What You Can Do to Secure Your WordPress Site

As we mentioned in a previous post on WordPress security, unless you're a computer security expert, you'll probably need some help with securing your site. In this post, we are going to talk about some of that help.

Making WordPress Secure 270x300 PNG

First, you should install a good WordPress security plugin. There are several good such plugins out there: at the IMC we currently like to use one of two different plugins, depending upon what we consider to be the value of the site. Those are "LoginLockdown" and "All-In-One WP Security and Firewall." There are many others, some of which we have used in the past, such as "Better WP Security," "BulletProof Security," and "Ultimate Security Checker." Eventually, which one you use will come down to two questions: "how secure do I need this site to be?" and "how much effort do I want to expend to make it secure?"

There are other security aspects to consider that often can't be addressed by a plugin, such as the configuration of your webserver itself, the file permissions on your PHP code files, how PHP is configured to behave, and system-level security, just to name a few. Most of these things will be outside your control unless you do your own hosting. However, if you are getting your hosting through a reputable, professional provider like Bluehost or HostGator, you can be reasonably sure that those issues are being handled.

That said, there are plenty of things you can do to secure your site on your own. Let's talk now about the two security plugins we use here at The IMC...

Login Lockdown

The first plugin has a narrower focus and is much simpler to configure and use. Its primary function is to monitor the number of failed logins that come from a specific IP address. You set a threshold number of attempts and time period for the plugin, and if there are more than that many failed attempts within that time period, the entire Class-C subnet is banned from even trying to log in for a period of time you also select.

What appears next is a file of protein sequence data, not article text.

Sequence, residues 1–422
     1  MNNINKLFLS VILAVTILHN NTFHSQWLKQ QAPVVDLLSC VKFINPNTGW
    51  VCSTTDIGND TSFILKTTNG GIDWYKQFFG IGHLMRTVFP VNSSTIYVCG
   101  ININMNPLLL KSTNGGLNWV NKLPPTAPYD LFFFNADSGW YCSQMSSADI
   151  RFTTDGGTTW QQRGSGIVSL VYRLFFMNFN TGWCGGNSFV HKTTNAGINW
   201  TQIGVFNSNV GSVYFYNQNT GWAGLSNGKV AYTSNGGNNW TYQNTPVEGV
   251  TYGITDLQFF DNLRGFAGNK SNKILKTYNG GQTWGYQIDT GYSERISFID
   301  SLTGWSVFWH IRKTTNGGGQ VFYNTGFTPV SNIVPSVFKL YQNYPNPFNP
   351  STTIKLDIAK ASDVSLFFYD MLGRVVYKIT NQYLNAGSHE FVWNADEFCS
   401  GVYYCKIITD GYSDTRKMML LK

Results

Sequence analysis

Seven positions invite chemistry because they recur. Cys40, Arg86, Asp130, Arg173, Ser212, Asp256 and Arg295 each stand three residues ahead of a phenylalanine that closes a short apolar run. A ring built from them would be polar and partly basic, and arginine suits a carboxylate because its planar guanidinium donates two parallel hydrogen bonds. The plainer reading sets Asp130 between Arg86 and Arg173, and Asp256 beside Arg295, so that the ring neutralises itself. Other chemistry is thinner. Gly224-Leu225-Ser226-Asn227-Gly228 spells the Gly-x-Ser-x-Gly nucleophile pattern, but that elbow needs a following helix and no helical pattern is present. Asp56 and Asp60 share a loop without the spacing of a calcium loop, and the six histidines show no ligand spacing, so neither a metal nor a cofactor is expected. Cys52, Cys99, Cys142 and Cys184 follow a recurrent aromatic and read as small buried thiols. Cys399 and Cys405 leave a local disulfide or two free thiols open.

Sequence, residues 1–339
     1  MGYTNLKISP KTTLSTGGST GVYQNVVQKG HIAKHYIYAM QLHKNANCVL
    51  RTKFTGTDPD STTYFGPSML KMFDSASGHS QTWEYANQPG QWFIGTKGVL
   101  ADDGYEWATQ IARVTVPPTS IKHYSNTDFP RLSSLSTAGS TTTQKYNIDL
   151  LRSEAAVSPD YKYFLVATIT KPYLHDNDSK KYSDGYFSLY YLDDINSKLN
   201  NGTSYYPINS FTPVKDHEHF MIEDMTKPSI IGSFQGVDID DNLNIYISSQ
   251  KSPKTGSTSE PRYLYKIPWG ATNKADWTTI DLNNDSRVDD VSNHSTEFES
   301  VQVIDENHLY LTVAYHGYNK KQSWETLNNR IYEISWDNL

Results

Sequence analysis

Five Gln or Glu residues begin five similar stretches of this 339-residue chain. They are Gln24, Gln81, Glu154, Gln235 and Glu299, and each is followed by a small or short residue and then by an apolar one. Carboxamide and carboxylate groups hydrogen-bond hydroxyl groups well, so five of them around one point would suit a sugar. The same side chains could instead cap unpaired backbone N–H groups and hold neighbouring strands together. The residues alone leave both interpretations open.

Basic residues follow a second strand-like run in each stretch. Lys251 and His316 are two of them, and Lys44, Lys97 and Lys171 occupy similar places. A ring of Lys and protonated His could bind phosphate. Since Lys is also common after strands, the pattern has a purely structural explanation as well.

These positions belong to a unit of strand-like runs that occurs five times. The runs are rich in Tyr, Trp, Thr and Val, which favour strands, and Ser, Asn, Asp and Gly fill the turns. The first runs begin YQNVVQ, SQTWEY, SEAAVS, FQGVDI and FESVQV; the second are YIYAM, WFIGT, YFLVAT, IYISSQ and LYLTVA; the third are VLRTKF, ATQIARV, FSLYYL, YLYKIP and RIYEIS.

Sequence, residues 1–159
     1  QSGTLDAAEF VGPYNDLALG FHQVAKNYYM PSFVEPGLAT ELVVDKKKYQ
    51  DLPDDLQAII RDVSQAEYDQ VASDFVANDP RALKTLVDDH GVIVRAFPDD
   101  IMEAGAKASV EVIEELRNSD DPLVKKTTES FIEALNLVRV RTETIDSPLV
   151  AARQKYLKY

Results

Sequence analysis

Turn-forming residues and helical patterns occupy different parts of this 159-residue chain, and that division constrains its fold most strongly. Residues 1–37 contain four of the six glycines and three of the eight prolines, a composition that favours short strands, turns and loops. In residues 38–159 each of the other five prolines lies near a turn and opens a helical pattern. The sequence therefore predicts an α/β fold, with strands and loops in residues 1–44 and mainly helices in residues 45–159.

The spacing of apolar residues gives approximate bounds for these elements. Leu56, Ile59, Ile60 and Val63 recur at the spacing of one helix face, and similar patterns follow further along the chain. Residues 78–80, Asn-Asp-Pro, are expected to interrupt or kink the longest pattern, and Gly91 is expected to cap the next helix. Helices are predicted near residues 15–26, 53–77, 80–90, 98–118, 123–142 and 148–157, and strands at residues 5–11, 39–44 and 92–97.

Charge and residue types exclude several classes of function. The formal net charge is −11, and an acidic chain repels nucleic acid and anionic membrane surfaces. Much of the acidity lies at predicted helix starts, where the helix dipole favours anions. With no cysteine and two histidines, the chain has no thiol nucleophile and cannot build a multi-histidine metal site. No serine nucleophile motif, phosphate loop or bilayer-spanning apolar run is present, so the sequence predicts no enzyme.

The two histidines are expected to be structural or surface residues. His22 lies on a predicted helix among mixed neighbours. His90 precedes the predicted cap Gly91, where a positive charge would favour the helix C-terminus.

In case you aren't aware, a "Class-C" subnet is all the IP addresses that start with the same three numbers; they only differ in the fourth. So, for example, the addresses and are in the same Class C subnet, but the addresses and are not. Why ban an entire subnet? Because dedicated site crackers often connect via proxies, and can easily switch their IP address, but usually only within a small subnet owned by the proxy provider.

Locked Out of My Computer
It is important to have some sort of timeout in case the failures are just legitimate mistakes by a valid user. You don't want to lock yourself out of you own site permanently just because you didn't realize your Caps Lock key was on by mistake, right? LoginLockdown lets you set this value; the default is to lock out for one hour; we like to bump it to two or four hours.

Since brute force attacks on your passwords are one of the most common methods used by crackers to get into your website, you can improve your site's security a lot by just locking down the login page with this plugin, and it takes almost no effort to use it because the configuration is so simple. Just take a quick look at the configuration page for Login Lockdown:

LoginLockdown Configuration

This is the plugin we use for our non-critical websites, or single-purpose sites that don't have a lot of bells and whistles. As you can see, there are really only three critical settings:

  1. Maximum login attempts
  2. Period of time for the attempts
  3. How long they will be locked out